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An Uneasy Alliance Needs Work

Most educators care deeply for their students. Parents need to believe that and help them to help their children.

September 17, 2000|NAN CANO | Nan Cano teaches at Agoura High School

Her voice quavered over the phone. "I hate to bother you. I know how busy you teachers are. My son didn't want me to call you at all. He's afraid you'll hold this against him. You won't, will you?"

Embarrassment. Fear. Teachers and parents, adults clearly dedicated to children day and night, eye each other warily, circling carefully, meeting in uneasy alliance. Each is hesitant to call the other. I've never understood that.

Soon moms and dads will rush home to an early supper, turn around and drive to their children's schools for back-to-school nights all over the San Fernando Valley. These nights really do matter. When I try to sum up my goals and hopes for the year to a classroom of concerned adults, I want to tell them more than about grading scales. I tell them what a wonderful job they have done.

They deserve A-plus for the loving years of soccer practice, team treats, piano lessons. For clearing the kitchen table to do spelling. For letting rock music shake the house. For ordering pizza and getting to know all the teenage friends.

Last week, my seniors read Franz Kafka's "Metamorphosis." In the story, a hard-working office clerk, trying to pay off family debts, awakens one day as a cockroach. A big one. His family does not know what to make of him: His mom is mortified; his dad is angry and throws an apple at him. Only his sister struggles to help him, finding new ways to slip him food and protect his privacy. No one wants to ask for help.

I asked the 17-year-olds if they had ever felt like that strange bug. One boy likened this to what's going on between him and his dad. "He, like, totally ignores me. He hates how I look. He tells me to get out. And I don't think he loves me anymore."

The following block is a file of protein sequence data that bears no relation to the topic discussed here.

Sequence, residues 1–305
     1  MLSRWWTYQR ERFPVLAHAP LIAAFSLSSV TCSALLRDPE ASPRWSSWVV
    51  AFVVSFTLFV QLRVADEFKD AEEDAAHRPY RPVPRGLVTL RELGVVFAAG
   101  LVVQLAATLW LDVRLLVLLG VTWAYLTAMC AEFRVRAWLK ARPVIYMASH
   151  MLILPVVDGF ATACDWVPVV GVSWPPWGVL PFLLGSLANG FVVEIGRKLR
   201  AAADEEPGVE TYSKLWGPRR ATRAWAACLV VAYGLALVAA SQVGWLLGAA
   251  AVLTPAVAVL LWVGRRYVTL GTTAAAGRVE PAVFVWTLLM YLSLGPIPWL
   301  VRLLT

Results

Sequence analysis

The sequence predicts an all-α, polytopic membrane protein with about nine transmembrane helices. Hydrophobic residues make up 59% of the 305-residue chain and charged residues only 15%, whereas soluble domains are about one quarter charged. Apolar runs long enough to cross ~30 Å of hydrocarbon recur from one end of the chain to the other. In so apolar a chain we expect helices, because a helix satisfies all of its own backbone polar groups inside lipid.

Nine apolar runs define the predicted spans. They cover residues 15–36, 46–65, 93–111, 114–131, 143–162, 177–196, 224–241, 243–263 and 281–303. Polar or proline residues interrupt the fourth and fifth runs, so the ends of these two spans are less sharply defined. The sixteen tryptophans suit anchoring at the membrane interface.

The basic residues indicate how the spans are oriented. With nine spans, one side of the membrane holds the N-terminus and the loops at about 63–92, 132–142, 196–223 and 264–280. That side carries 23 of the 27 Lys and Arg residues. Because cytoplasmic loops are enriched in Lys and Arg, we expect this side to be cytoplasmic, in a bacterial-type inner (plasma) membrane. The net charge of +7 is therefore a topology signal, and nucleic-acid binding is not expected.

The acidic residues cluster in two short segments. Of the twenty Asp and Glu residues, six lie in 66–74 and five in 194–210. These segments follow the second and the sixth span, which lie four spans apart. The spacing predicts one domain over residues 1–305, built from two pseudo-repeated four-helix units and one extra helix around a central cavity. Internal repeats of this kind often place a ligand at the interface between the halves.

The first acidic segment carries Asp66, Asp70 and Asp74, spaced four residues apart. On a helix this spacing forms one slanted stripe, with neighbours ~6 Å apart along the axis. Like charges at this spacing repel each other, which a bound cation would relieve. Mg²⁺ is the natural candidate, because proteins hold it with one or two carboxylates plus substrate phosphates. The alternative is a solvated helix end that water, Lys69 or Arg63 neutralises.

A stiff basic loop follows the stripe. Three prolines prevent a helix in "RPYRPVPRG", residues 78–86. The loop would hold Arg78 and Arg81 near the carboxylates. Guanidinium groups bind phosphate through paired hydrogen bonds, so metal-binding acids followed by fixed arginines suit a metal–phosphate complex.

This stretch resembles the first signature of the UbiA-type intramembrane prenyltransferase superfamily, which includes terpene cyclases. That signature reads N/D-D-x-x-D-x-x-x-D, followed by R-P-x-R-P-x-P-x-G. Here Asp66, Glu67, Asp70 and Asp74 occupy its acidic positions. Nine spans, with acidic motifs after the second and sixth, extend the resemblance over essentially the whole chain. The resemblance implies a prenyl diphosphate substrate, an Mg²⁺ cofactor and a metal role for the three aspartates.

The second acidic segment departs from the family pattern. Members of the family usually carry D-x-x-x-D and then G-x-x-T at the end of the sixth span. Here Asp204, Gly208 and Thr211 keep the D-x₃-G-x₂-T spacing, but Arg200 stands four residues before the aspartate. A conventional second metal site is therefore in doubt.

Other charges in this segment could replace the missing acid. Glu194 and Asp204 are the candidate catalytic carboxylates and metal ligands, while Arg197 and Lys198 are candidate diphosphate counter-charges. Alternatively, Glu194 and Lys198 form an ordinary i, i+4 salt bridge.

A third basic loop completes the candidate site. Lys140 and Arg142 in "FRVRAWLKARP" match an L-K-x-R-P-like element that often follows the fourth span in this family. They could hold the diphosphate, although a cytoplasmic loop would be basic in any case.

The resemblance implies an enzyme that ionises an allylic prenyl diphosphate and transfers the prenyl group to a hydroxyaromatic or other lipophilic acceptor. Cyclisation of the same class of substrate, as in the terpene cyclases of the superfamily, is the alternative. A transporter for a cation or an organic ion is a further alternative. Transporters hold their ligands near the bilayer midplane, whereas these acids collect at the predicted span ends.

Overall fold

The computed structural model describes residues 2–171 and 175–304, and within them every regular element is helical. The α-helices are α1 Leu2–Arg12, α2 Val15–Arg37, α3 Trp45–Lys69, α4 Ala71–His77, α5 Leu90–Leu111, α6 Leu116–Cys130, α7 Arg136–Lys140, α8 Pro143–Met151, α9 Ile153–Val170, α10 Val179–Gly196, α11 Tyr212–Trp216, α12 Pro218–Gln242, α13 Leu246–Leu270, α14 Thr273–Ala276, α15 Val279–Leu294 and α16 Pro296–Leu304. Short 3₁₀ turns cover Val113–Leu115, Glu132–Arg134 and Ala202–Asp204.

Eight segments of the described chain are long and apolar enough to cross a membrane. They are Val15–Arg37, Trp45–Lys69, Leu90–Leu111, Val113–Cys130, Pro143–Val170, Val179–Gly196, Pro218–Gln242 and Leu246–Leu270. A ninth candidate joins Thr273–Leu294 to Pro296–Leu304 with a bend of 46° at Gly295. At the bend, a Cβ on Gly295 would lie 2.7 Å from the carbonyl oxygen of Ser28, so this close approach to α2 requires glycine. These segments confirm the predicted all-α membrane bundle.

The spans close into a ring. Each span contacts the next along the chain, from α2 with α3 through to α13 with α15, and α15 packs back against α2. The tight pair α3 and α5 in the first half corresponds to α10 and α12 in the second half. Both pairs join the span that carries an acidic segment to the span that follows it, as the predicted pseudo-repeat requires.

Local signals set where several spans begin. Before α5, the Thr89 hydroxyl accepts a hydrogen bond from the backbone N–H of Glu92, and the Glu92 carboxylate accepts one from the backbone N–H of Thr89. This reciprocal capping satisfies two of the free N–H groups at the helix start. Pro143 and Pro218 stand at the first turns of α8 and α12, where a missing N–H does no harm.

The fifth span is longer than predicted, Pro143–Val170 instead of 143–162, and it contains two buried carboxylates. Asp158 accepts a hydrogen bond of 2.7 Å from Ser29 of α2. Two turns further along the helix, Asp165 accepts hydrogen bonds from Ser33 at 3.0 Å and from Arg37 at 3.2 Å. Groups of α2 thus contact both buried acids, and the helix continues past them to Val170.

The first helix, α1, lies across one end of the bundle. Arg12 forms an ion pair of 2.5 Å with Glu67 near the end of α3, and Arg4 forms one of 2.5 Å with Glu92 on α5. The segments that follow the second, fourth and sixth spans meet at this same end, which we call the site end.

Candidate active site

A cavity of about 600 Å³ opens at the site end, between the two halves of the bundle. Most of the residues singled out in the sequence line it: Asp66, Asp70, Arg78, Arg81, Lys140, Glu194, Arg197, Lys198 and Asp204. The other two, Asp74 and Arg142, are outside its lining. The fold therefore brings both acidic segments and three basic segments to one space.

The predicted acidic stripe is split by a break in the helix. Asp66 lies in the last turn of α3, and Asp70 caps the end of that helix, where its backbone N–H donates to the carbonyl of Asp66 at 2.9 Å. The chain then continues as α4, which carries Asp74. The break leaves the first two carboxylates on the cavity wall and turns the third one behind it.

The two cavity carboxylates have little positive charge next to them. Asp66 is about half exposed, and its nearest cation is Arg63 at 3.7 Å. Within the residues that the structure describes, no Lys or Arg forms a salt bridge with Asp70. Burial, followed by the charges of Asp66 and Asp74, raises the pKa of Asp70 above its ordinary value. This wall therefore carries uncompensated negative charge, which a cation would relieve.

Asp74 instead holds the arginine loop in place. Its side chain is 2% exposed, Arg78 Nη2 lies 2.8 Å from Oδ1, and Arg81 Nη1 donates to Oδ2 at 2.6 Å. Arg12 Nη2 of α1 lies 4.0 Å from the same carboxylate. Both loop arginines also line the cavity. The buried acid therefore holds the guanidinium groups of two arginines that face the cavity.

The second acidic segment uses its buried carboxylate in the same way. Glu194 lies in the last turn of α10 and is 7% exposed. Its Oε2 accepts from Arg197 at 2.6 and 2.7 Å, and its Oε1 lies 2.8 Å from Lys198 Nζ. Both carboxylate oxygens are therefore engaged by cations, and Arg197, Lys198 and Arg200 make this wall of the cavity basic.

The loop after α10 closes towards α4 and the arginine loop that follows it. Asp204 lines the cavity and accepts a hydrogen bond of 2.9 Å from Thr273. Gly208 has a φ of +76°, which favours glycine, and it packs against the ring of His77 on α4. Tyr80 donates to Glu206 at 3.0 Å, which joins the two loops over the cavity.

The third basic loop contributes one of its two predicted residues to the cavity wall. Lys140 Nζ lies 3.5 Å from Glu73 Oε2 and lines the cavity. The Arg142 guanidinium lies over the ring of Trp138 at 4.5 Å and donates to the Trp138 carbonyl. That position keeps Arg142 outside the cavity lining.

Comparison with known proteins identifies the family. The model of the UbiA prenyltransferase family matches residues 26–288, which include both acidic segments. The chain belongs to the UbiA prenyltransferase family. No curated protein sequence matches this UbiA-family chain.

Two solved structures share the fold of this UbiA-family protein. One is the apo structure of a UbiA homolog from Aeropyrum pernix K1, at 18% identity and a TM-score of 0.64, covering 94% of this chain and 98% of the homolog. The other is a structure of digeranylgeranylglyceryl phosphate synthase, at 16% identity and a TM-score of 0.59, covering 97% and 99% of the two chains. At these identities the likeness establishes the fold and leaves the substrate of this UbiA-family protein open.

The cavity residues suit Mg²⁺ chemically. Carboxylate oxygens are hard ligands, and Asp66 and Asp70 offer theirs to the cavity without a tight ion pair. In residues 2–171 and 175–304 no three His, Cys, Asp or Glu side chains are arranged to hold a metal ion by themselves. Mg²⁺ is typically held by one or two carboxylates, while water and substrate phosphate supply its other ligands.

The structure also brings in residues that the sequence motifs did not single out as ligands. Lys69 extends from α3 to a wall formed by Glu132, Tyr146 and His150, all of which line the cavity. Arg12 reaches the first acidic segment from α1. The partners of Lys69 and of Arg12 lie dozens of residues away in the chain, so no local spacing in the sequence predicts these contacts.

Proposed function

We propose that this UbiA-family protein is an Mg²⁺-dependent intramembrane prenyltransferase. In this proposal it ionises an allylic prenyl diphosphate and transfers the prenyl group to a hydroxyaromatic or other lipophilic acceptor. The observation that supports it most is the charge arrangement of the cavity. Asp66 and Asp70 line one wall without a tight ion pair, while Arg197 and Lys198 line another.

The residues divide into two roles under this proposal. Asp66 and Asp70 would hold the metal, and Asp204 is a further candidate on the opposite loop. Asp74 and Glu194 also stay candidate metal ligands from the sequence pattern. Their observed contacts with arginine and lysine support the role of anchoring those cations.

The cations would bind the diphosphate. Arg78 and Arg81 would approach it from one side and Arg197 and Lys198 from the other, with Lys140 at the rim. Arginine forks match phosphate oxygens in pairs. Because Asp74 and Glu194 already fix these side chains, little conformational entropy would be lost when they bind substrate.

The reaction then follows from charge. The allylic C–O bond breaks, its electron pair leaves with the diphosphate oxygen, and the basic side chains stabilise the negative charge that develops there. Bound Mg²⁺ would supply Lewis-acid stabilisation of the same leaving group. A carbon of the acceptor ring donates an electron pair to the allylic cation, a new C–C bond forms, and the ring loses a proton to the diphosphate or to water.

I can't teach literature without real life, and the kids who sit in front of me, some with pink hair, some with studs in noses and tongues, some in preppy shirts, all want to be treasured. The great gaps in their souls occur when things aren't right with Mom and Dad and them.

Every teacher sees the looks, hears the quiet worries of students trying to do schoolwork while unsettled about life at home. We never intended to become therapists, family counselors, social workers, but more and more we are drawn in to help so we can teach.

When I talk to parents and hear about a teenager slamming a door and disappearing into a bedroom, I can feel the parents' relief when I tell them I have heard hundreds of stories like theirs. I may be the first outsider they confessed fears to. They are not unique in their confusion, and I can direct them to the help their family needs. They are not failures. There is no shame.


Most teachers care deeply for their students, and parents must believe that. So tell teachers stories that may explain why Darren can't sleep or eat, why Amit is lonely, why Teresa is angry. We see your children all day, in class, on campus, at games. We know that more walks into our room than a kid with homework. Home is there too. Our students are works in progress.

Sometimes, I take the initiative because I need the parents' help. When a teacher calls home, it is not to castigate or "fail" parents. It is to find answers together for the young person we find so important. We can give each other encouragement and a sympathetic ear.

If you need help, ask for it, but ask in kindness, not anger. Don't attack overworked teachers trying to maintain relationships with nearly 200 students in several classrooms. Let's trust each other.

That kid stuffing a muffin in his mouth as he bangs out of the kitchen tomorrow morning is the reason I get up every day. Tell me whatever you want me to know about him, listen to me in return, and I'll send him home full of good things.

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